It’s a busy day at Neighborhood House. St. Paul’s sprawling West Side community center is hosting a small Wells Fargo business convention, and people in ties and business blouses are milling about.
Armando Camacho, the center’s 36-year-old president, is weaving through the crowd when he encounters a young janitor shoving a yellow service cart.
“Keeping up with the bathrooms today?” he asks. “Yeah,” the young Hispanic woman says with a resigned smile. “It’s going to be busy in this one.”
“Yeah, it is,” Camacho replies, commiserating. “The downstairs one, too.”
The conversation is notable for what it is not: It isn’t an imperious exchange between head honcho and minion—more like a friendly aside between co-workers.
That could be because Camacho knows what it’s like to grind it out in menial work. “If you don’t speak English or if your skin tone is not light, you have some challenges,” he says. “The struggles are on working, breaking that cycle of poverty, getting the skills you need. That is something that I am very familiar with and I can have empathy for.”
Once the state’s youngest school principal at age 29, Camacho two years ago took over Neighborhood House—a 113-year-old institution that annually provides a food shelf, adult education, agency referrals and many other social services to 14,000 low-income residents and immigrants in St. Paul.
Before any of that happened, however, Camacho was a West Side kid working hard to escape the crushing poverty he felt all around him growing up.
“From early on, I knew what my life would be like if I didn’t make that change in terms of getting an education,” he says. “I did not want to be collecting a welfare check when I am in my forties, fifties, sixties.”
An at-risk kid
Neighborhood House is the managing occupant of the four-year-old, 93,000-square-foot Paul and Sheila Wellstone Center for Community Building, 179 Robie St. E.
Aside from the education, daycare and food shelf, it houses a fitness room, two large gyms that double as convention halls, a fully outfitted theater complete with professional dressing rooms, even a St. Paul Police Department sub-station.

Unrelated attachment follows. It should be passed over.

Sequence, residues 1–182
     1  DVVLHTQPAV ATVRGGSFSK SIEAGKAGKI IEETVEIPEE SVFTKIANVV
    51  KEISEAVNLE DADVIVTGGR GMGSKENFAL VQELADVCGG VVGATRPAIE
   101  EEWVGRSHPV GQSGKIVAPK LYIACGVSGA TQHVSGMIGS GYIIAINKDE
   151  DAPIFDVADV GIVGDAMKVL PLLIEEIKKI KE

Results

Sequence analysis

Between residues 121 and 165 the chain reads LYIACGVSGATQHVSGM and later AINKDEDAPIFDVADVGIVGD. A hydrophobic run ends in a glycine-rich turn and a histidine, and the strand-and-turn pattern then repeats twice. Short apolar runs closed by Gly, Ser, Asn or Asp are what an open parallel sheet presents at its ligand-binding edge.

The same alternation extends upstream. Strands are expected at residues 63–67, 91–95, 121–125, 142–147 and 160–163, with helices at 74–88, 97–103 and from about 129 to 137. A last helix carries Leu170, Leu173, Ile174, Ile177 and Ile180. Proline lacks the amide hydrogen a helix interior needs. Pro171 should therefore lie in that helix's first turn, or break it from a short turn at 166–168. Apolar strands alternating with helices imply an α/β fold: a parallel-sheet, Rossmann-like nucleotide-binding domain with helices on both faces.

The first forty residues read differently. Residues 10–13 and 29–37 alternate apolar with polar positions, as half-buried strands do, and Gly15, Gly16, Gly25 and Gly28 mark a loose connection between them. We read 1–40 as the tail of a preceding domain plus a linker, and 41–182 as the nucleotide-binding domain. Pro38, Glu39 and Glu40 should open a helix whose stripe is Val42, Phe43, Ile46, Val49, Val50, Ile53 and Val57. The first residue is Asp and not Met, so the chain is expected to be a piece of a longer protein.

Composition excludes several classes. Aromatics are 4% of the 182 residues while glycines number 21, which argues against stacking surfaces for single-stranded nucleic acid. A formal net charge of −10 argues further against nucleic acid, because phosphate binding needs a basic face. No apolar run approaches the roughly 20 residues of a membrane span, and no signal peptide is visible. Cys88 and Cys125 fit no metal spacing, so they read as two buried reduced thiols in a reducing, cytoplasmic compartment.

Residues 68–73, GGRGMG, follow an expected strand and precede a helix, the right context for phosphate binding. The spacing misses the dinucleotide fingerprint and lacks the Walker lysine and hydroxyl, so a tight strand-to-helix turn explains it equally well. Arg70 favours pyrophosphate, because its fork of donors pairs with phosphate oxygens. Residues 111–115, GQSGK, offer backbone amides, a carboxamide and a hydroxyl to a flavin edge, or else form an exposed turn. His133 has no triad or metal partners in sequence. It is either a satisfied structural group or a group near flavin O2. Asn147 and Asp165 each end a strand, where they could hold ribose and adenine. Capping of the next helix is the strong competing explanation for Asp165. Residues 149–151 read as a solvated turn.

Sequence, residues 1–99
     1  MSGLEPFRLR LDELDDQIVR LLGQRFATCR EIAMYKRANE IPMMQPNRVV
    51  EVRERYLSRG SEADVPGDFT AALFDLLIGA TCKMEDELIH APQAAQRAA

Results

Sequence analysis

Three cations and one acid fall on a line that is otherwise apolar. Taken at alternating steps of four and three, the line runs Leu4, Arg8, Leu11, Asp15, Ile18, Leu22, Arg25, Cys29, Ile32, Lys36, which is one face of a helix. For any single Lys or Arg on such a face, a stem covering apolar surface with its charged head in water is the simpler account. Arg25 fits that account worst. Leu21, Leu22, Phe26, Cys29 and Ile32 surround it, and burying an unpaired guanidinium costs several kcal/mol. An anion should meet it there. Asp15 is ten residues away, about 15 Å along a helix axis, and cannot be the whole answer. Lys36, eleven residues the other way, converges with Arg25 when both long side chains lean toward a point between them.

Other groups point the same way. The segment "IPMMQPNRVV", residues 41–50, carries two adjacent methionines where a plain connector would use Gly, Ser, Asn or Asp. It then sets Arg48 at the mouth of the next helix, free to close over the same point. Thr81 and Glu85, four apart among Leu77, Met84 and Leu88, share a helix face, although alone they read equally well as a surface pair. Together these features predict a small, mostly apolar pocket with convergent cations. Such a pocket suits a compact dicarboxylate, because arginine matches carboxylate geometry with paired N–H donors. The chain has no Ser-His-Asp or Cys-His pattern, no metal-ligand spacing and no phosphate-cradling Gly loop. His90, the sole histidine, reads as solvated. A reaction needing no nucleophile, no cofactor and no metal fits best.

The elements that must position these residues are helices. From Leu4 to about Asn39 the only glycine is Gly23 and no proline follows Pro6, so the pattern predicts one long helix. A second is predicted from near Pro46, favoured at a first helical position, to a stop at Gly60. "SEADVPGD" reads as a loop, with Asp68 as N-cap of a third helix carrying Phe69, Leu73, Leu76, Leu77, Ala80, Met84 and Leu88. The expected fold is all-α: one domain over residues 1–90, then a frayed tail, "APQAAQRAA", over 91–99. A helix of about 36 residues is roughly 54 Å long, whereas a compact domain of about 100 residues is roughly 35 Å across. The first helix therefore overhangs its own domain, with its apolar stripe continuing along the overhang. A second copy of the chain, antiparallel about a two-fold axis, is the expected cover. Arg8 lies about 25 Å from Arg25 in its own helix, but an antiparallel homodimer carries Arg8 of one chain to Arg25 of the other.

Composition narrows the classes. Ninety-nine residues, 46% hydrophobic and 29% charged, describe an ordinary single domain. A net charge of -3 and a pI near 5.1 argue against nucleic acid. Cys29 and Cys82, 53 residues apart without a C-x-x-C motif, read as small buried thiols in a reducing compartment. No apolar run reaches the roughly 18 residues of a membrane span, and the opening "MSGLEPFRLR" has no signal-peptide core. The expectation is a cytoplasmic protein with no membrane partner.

It’s like a small city within the city.
For Camacho, taking the job was a major but welcome career detour. Having started as a teacher in St. Paul, he earned certification to become an assistant principal and then a principal in Minneapolis.
He’d also earned certification to become a school superintendent, which he was on track to do when he took his current job. It could still happen one day, he says, but for at least the next three years, he says, he is committed to Neighborhood House.
Camacho was born in Puerto Rico. His mother was too young to raise a child, so she gave the boy to her parents, Ramona and Anselmo Figueroa. In 1980, the couple followed Camacho’s uncle Ruben Hernandez, a migrant worker, to St. Paul’s West Side neighborhood after Hernandez enrolled in a local community college.
Camacho was 6, and spoke no English. Nor did his grandparents. But Anselmo Figueroa was able to land work as a janitor at Control Data Corp., in Bloomington, and his grandmother began taking English language courses at Neighborhood House.
Camacho enrolled in the public schools, and began playing football on Neighborhood House’s athletic field—which Camacho’s office now overlooks.
That’s when Gilbert de la O first noticed the boy.
The former St. Paul school board member and long-time Neighborhood House community liaison coached football there at the time. “On the football field, a lot of people took notice of him because he was a really tough kid,” de la O says. “He wasn’t afraid to come up and do that smacking.”
However, just as he was reaching high school, Camacho’s uncle Ruben died. With no other family in the state, his grandparents moved back to Puerto Rico, taking Camacho with them. But he could see no future there.
So at age 15, he moved back to St. Paul, alone.
“The condition my grandparents set was that if I came back I would have to support myself,” he says. “They didn’t have the money to send me clothing and food and so forth. I said, ‘OK, that’s fine.’”